Pleasing Undulations Where Standard Box Is the Norm

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With a sweep and a curve, the Manufacturers Bank in Beverly Hills catches the complicated forms of downtown Beverly Hills in its soft undulations, smoothes them and envelops them in curvaceous lines. Rising from a narrow, triangular site, it billows, furls and turns its corner with all the grace of a ballerina. It's too bad that it is not an ethereal entity, but a black-clad office building.

Everything that is right about the Manufacturers Bank exists at the level of the city. Architect Tony Lumsden, who designed this 13-story building for the firm of Daniel, Mann, Johnson, and Mendenhall, responded with great subtlety to the confusion that occurs where the curves of Beverly Hills meet the energy of Wilshire Boulevard. He could have built a box as a bulwark against the resulting clash of forms (as Craig Ellwood did for Security Pacific Bank just down the street), or broken the situation down to a block that filled out the site, leaving an abstract object to rise, free and pure, from that base. Instead, he let his building merely absorb all the angles and smooth them out into waves of black glass.

There is only one curve that is repeated on two sides of the triangular building, but it looks different from every angle. Seen from Roxbury Drive, the waves of glass seem to gather strength until they rise up into a final surge that turns out to be a tower announcing the building up and down Wilshire Boulevard. The glass curves then slowly revert to their undulations, thus providing the busy boulevard with a moment of elegant rhythm. From afar, the curves collapse into a wavy, strangely alluring sign that has none of the specificity and harshness of most of its neighbors.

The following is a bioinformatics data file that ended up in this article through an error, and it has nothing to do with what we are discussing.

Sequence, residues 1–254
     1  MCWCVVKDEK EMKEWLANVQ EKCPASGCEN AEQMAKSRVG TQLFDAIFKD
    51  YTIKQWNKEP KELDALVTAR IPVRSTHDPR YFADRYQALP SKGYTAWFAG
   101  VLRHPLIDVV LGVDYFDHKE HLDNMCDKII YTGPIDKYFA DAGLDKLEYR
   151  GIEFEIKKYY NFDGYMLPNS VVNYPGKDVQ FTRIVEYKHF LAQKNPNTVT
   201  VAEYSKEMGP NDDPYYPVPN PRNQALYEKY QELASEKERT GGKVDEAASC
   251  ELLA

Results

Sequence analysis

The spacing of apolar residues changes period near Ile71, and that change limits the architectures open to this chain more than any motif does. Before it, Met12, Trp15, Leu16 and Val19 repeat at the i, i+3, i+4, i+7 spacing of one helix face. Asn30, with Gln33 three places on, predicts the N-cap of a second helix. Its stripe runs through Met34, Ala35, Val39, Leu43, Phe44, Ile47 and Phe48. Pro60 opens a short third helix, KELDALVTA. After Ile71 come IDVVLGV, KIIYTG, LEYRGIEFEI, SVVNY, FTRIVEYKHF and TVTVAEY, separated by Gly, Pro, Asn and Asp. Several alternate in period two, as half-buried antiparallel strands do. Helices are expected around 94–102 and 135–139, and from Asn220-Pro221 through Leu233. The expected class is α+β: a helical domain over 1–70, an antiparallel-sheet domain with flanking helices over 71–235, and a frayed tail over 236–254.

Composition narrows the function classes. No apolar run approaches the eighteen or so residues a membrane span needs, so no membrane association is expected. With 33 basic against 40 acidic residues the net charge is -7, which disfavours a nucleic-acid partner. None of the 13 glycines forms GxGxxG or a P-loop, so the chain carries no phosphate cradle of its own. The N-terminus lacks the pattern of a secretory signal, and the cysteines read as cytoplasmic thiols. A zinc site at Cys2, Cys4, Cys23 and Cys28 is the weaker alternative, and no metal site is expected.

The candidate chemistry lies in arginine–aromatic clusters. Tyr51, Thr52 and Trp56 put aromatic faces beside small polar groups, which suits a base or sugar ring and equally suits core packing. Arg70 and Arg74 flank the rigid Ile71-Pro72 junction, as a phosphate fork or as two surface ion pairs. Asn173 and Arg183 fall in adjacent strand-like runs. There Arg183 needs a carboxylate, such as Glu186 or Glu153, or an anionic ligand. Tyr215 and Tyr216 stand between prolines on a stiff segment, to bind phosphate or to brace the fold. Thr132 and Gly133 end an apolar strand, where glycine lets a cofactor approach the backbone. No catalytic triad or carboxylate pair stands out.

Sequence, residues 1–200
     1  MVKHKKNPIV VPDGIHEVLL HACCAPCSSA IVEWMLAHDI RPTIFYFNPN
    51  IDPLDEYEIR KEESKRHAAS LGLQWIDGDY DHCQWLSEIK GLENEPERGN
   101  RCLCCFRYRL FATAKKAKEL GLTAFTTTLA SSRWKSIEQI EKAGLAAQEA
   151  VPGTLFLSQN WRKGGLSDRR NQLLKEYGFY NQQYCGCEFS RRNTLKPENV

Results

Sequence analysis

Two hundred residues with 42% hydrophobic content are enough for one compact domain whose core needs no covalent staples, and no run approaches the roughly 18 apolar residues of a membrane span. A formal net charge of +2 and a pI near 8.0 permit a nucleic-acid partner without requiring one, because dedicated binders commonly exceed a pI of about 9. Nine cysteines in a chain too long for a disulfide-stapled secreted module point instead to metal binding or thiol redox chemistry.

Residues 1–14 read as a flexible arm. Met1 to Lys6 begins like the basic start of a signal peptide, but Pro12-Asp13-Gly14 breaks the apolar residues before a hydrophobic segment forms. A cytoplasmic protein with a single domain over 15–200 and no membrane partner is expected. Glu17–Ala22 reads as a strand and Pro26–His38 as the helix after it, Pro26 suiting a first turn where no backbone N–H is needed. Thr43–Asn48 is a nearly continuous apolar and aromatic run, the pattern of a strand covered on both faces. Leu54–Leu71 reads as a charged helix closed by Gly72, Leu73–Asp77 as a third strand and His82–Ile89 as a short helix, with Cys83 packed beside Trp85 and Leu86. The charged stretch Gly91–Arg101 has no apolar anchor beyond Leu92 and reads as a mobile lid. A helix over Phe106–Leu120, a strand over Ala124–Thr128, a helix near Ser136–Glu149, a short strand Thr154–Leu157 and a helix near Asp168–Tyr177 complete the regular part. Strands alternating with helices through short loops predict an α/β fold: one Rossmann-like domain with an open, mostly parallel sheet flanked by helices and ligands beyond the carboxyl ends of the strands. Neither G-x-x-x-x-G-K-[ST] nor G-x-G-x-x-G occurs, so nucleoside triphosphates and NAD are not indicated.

These associations rise up out of the abstract shapes as if Lumsden were waving his baton over the site. The design works in this way because Lumsden and the other "silvers" of the 1970s (this building was finished in 1973) stayed away from both historical forms (no columns or capitals on this bank) and modern absolutes. Instead, they offered enigmatic monuments to modern technology that posed a question of scale, texture and color. High-tech and yet tied to some unseen rhythm, buildings such as the Pacific Design Center (which Lumsden's former associate Cesar Pelli designed at the same time) were big and beautiful, even if you never knew exactly why.

The question of what this thing really is becomes troublesome. Walk by the Manufacturers Bank, and all you get is chocolate-colored, semitransparent sheets rising up from the street on which only a lonely little triangle of peonies dares grow. This Darth Vader-like solemnity is reinforced by the lack of entrances, the exaggerated profiles of the mullions, and the dark louvers on the first few floors that reveal the reality of five floors of parking lurking behind this glass ball gown.

The worst parts of the Manufacturers Bank are

the points where the bravura gesture of the building has to confront the reality of human scale, as when the curves flatten out on Roxbury to contain the parking entrance in a banal grid of glass panels, or when the mechanical systems pop out as a little bustle suspended over the loading dock.

I would try to drive by this building as fast as Beverly Hills traffic allows you--not to avoid it, but to get the full effect. The secret of silver architecture, I suspect, is that you see it in and as motion, as a sign of something more solid that just happens to be anchored to the rather prosaic task of being a bank building. If pigs could fly and buildings could be free, this would be a truly great building.

* Manufacturers Bank Building: Wilshire Boulevard and Roxbury Drive, Beverly Hills

* Architect: Tony Lumsden

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